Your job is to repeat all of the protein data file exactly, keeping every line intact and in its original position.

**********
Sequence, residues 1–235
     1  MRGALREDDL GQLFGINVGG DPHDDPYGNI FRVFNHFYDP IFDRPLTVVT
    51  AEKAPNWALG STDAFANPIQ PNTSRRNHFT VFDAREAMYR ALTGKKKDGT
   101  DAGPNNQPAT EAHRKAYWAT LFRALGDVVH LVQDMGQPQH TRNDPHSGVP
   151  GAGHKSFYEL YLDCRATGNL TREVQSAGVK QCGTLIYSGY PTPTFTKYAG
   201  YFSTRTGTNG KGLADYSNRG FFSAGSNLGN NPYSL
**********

Sequence, residues 1–235
     1  MRGALREDDL GQLFGINVGG DPHDDPYGNI FRVFNHFYDP IFDRPLTVVT
    51  AEKAPNWALG STDAFANPIQ PNTSRRNHFT VFDAREAMYR ALTGKKKDGT
   101  DAGPNNQPAT EAHRKAYWAT LFRALGDVVH LVQDMGQPQH TRNDPHSGVP
   151  GAGHKSFYEL YLDCRATGNL TREVQSAGVK QCGTLIYSGY PTPTFTKYAG
   201  YFSTRTGTNG KGLADYSNRG FFSAGSNLGN NPYSL